Becoming a certified yoga teacher may make you realize that you’ve barely scraped the surface in the vast expanse of the yoga tradition (asana, and sutras, and pranayama, oh my!), and now you’re expected to get up in front of a group of people and teach them how to yoga? If you’re like most newly ordained teachers, this expectation can make you either freeze with overwhelm or feel like an imposter who doesn’t deserve to teach anyone.
A lot can be said for being humble, and it is important to recognize when you don’t know something about yoga. However, it is untrue that you have nothing to offer. You did the work for 200 hours; you do know something. Every teacher has something to offer, and while you’re trying to find your yoga-teaching voice, stick with what you know. If you stick with what you know, and speak to things you’ve personally experienced, you’ll come across as knowledgeable. Because you are. Not everyone has had the same experiences as you have, and when you are authentic, it shows. People will be drawn to you for what you know. Never doubt that your “best” students will find you when you teach what you know and love. It’s all about sharing and connecting.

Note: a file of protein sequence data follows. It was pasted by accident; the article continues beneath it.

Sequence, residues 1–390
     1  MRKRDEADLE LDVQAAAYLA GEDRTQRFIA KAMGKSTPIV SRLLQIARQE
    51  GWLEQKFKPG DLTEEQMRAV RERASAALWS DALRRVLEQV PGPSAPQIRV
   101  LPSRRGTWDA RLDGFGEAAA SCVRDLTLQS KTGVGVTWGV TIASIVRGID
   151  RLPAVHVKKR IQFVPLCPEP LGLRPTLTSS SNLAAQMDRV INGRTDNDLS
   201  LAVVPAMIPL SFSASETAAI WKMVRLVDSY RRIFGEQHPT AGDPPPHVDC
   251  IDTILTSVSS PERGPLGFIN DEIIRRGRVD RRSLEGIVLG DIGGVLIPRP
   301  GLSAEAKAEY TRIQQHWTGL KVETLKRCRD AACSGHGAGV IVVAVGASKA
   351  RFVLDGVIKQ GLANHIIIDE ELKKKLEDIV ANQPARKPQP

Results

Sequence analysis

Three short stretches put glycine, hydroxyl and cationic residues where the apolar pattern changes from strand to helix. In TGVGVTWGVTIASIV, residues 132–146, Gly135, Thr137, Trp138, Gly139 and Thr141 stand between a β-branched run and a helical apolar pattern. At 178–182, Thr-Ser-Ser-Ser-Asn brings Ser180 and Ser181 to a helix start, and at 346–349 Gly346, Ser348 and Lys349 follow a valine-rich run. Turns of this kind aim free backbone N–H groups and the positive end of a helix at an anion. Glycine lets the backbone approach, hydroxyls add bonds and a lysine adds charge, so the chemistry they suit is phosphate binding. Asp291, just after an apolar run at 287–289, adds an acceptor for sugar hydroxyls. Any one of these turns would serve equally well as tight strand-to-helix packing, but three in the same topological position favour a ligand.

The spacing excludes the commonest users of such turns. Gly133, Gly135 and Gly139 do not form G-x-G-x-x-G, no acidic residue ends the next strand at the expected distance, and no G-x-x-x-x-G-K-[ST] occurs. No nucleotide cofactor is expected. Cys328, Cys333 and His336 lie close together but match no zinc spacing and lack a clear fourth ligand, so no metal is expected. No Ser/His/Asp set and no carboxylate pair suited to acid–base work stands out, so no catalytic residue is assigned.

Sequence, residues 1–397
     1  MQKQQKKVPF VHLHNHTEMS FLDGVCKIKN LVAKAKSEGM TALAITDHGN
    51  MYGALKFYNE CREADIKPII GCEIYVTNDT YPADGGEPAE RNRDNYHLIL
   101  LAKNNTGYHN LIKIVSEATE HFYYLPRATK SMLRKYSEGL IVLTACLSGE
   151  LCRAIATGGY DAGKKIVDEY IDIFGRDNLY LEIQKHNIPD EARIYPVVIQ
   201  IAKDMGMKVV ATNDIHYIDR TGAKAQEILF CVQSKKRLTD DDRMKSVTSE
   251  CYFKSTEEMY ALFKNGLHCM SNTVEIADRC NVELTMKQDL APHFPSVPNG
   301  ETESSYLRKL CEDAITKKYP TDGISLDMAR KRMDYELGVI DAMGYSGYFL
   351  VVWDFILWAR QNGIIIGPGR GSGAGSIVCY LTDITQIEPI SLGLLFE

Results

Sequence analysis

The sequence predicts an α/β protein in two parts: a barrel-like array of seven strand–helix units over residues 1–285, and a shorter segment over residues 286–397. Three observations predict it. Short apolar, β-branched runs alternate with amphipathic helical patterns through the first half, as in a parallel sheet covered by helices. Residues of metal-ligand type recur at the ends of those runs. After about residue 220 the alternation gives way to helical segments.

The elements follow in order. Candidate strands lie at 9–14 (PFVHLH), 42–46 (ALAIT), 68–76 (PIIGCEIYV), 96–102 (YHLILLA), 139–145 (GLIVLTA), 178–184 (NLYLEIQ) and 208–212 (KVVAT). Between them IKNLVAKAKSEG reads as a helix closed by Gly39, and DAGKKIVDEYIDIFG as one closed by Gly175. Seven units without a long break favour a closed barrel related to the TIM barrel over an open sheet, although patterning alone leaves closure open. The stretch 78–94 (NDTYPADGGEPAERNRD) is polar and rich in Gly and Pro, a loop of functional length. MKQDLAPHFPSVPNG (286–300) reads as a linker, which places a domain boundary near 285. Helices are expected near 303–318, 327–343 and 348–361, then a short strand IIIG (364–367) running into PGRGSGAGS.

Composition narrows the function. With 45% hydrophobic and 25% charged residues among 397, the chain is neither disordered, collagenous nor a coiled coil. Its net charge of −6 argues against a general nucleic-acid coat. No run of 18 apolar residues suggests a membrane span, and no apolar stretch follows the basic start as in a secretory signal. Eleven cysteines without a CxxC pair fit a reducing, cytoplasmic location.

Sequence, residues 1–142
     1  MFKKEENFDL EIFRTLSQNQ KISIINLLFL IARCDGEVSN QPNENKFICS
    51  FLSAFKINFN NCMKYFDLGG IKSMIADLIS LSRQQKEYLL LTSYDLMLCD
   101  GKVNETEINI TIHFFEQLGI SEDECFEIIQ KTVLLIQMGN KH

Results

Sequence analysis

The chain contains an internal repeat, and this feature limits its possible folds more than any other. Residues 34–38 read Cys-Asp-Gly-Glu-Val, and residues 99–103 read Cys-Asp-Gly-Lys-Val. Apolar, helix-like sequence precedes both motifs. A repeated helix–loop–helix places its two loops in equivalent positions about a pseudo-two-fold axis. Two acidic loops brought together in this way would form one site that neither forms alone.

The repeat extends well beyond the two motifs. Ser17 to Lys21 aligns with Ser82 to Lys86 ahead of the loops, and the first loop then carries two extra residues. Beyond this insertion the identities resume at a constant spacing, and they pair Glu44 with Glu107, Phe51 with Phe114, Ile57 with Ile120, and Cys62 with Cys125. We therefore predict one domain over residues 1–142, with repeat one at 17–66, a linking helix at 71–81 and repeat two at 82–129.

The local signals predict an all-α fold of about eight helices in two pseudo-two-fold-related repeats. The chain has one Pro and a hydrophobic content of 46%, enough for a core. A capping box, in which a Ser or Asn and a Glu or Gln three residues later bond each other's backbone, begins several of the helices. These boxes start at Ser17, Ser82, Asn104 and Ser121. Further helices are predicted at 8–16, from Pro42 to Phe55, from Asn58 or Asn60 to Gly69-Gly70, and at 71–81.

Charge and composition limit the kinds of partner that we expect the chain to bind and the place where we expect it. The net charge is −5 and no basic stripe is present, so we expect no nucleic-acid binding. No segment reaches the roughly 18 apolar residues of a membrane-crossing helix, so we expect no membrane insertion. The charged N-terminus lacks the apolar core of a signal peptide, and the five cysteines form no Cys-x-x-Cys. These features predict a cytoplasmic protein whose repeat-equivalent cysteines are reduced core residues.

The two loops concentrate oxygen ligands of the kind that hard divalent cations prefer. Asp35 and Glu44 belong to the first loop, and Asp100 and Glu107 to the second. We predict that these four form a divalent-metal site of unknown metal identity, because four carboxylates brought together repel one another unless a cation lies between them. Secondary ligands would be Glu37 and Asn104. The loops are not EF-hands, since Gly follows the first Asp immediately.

Now, when it comes to the nuts and bolts of teaching, it will take experience before everything feels natural. The way you use your voice, the pacing of your class, the sequencing, watching how the students receive your instructions and modifying on the fly, all these skills come with practice. If you want to improve upon these skills more quickly find a mentor who’s willing to review and discuss your classes before you teach them. Better yet, have your mentor attend your classes and give you feedback. While this method can be intimidating at first, it’s invaluable in becoming your best-teaching self. Good luck!